Boeing's Starliner to join exclusive spacecraft club with 1st astronaut launch today

Illustration of Boeing's Starliner capsule in space with Earth in the background.
Illustration of Boeing's Starliner capsule in space. (Image credit: Boeing)

Update, 9 p.m. EDT: Boeing Starliner's launch has been scrubbed due to a valve issue on the United Launch Alliance Atlas V rocket. Here is the link to our scrub story.

Boeing's Starliner capsule will join a very exclusive club today (May 6), if all goes according to plan.

A United Launch Alliance Atlas V rocket is set to launch Starliner and its two passengers, NASA astronauts Suni Williams and Butch Wilmore, from Florida's Cape Canaveral Space Force Station today at 10:34 p.m. EDT (0234 GMT on May 7). You can watch the action live at, courtesy of NASA.

The liftoff will kick off Crew Flight Test (CFT), a roughly 10-day shakeout cruise to the International Space Station (ISS) that will be Starliner's first-ever astronaut mission. Such crewed debuts to Earth orbit have happened just five times in American history, as NASA chief Bill Nelson noted during a press briefing on Friday (May 3).

"So, you think of it: The first time [NASA astronauts] have flown on a new spacecraft started with Mercury, then with Gemini, then with Apollo, then space shuttle, then Dragon and now Starliner," Nelson said. "So it is a historical day; it's a wonderful day."

Related: Boeing Starliner 1st astronaut flight: Live updates

Dragon is the capsule built by SpaceX, which, like Boeing, won a contract from NASA's Commercial Crew Program back in 2014 to carry agency astronauts to and from the ISS. 

The goal was to get at least one American crewed vehicle up and running as soon as safely possible in the wake of the space shuttle's 2011 retirement, which left NASA completely dependent on Russian Soyuz spacecraft for crewed transportation services to and from the ISS.

SpaceX launched its version of CFT, called Demo-2, in May 2020. Elon Musk's company has since completed seven operational astronaut missions to the station, and it's in the middle of its eighth, which launched in March. As that record shows, SpaceX has proven to be a reliable and prolific partner for NASA. But the agency is still excited to get a second American astronaut taxi online, given how complex and demanding human spaceflight is. 

"This will give us that additional capability, because we always look for a backup," Nelson said. 

If all goes well with CFT, Starliner could launch its first contracted, six-month crewed mission to the ISS as soon as early 2025.

CFT's launch will be historic in other ways as well. For example, it will be the first-ever astronaut liftoff for the venerable Atlas V, and the first crew-carrying mission for any member of the Atlas rocket family since May 15, 1963. On that day, an Atlas LV-3B launched Faith 7, the final mission of the Mercury program, which sent NASA astronaut Gordon Cooper into orbit for 34 hours and 20 minutes.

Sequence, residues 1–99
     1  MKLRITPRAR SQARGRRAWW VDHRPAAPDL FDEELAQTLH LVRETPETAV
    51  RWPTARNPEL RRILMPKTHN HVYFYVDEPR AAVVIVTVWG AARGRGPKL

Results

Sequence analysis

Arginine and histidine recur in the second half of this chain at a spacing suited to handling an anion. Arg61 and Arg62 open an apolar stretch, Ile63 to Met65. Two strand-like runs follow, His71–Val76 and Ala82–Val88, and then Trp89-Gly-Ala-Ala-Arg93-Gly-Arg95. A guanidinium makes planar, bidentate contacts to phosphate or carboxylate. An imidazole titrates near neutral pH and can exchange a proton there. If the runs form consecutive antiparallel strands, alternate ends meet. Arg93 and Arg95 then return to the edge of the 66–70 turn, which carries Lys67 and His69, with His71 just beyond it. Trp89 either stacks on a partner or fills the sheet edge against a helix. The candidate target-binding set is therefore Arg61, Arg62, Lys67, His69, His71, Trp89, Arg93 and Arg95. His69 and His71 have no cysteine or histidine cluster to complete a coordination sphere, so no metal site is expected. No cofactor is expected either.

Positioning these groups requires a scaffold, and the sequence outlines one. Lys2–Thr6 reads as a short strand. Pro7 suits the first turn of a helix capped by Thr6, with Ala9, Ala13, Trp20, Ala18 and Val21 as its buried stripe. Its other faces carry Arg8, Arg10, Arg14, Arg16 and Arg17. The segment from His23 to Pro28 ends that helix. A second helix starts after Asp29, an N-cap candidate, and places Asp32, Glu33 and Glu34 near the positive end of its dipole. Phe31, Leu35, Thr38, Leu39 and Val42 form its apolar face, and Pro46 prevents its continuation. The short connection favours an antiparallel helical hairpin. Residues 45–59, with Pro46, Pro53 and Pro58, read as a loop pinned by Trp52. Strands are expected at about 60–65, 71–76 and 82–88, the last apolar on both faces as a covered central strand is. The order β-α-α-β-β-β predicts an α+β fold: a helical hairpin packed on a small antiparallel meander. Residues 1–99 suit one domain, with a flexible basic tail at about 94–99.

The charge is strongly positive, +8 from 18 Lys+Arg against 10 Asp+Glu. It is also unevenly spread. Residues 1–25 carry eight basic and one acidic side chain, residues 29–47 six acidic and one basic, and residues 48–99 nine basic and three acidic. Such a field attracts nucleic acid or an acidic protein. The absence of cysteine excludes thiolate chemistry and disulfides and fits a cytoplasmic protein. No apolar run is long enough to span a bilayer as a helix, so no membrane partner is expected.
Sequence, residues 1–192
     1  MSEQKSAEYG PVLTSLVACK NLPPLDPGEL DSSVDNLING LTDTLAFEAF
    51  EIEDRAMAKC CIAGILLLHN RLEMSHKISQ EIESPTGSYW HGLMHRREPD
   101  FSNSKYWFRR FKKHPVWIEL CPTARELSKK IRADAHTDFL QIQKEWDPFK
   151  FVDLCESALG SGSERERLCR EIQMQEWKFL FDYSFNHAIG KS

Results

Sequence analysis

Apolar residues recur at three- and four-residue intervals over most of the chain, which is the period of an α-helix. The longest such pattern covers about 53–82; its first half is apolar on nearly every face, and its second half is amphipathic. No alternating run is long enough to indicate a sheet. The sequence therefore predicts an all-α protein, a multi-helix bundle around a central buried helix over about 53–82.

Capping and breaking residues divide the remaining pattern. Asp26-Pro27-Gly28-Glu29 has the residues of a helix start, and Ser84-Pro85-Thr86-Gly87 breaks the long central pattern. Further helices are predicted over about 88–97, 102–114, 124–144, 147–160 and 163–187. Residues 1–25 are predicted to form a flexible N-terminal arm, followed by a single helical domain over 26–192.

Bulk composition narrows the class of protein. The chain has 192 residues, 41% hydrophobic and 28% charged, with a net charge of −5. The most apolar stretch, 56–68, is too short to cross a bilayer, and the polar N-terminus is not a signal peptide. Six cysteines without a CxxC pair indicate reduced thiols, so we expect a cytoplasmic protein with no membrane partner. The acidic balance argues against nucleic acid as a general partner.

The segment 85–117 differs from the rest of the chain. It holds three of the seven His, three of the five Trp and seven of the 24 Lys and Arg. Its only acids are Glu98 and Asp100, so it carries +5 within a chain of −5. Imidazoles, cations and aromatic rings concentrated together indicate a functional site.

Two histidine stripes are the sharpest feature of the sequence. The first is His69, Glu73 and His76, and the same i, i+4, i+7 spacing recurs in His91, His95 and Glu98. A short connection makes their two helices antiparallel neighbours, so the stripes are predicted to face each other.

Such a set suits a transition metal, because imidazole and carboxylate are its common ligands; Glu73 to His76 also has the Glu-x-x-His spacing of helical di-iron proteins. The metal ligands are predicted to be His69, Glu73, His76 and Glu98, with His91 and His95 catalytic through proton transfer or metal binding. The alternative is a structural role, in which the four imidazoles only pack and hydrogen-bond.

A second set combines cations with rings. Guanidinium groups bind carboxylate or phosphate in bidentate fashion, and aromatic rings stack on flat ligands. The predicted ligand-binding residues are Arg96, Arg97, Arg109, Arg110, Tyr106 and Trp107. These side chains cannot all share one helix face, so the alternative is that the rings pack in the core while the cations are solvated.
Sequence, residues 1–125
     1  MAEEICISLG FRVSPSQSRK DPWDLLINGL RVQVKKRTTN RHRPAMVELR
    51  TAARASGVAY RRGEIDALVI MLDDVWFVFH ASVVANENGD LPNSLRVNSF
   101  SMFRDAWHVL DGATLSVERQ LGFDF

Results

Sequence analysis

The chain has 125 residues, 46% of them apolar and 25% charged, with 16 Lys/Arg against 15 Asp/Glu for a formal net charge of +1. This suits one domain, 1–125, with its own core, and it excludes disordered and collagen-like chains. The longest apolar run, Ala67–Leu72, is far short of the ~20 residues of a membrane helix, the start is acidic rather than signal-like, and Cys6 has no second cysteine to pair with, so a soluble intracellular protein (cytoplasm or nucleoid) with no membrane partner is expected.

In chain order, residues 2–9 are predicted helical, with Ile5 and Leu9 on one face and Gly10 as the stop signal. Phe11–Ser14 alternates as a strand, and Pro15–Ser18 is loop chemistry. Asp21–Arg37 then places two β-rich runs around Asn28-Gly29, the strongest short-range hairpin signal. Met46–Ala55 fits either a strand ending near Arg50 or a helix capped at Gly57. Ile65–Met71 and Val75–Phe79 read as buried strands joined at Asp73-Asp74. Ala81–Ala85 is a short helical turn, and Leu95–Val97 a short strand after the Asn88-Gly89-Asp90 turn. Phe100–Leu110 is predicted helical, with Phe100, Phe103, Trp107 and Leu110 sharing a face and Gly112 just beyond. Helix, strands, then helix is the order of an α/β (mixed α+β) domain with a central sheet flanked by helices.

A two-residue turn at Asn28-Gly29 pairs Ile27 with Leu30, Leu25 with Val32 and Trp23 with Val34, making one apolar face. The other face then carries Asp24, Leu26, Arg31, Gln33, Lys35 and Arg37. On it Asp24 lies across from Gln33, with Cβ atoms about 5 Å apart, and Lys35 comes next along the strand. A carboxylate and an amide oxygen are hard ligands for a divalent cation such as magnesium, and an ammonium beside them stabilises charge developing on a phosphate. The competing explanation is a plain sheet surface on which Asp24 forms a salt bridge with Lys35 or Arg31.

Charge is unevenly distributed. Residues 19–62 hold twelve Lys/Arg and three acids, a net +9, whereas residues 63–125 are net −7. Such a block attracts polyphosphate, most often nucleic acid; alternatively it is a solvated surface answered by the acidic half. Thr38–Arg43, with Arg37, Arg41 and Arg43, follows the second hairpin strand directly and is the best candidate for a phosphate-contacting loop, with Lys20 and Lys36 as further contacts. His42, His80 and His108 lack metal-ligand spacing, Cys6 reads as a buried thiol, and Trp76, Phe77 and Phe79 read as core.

Nelson also noted another special aspect of tonight's liftoff: It will mark the first time since the May 1968 launch of Apollo 7 that a crewed mission leaves Earth from Cape Canaveral Space Force Station (or, in its former incarnation, Cape Canaveral Air Force Station).

Many astronaut missions have lifted off from Florida's Space Coast since then, including those flown by NASA's space shuttle and SpaceX's Dragon. But those flights all launched from NASA's Kennedy Space Center, which is next door to Cape Canaveral Space Force Station.

Join our Space Forums to keep talking space on the latest missions, night sky and more! And if you have a news tip, correction or comment, let us know at:

Mike Wall
Senior Space Writer

Michael Wall is a Senior Space Writer with and joined the team in 2010. He primarily covers exoplanets, spaceflight and military space, but has been known to dabble in the space art beat. His book about the search for alien life, "Out There," was published on Nov. 13, 2018. Before becoming a science writer, Michael worked as a herpetologist and wildlife biologist. He has a Ph.D. in evolutionary biology from the University of Sydney, Australia, a bachelor's degree from the University of Arizona, and a graduate certificate in science writing from the University of California, Santa Cruz. To find out what his latest project is, you can follow Michael on Twitter.

  • JeffCross
    You're article says that the Starliner will join an elite cadre of spacecraft crewed by NASA astronauts in space. It has one easy to understand but glaring error- it will not be the sixth, but the seventh. You have forgotten the Lunar Lander of the Apollo program. A total of 19 astronauts flew in it for extended periods. The odd number is the result of Apollo 13 bringing the crew of 3 back to Earth. Then there was the Skylab, that should count as a spacecraft hosting astronauts, and there is the ISS. Now, if you get more specific and state that it is the 6th spacecraft to launch NASA astronauts into orbit, the Lunar Lander did that too, tho it launched from the Moon not Earth.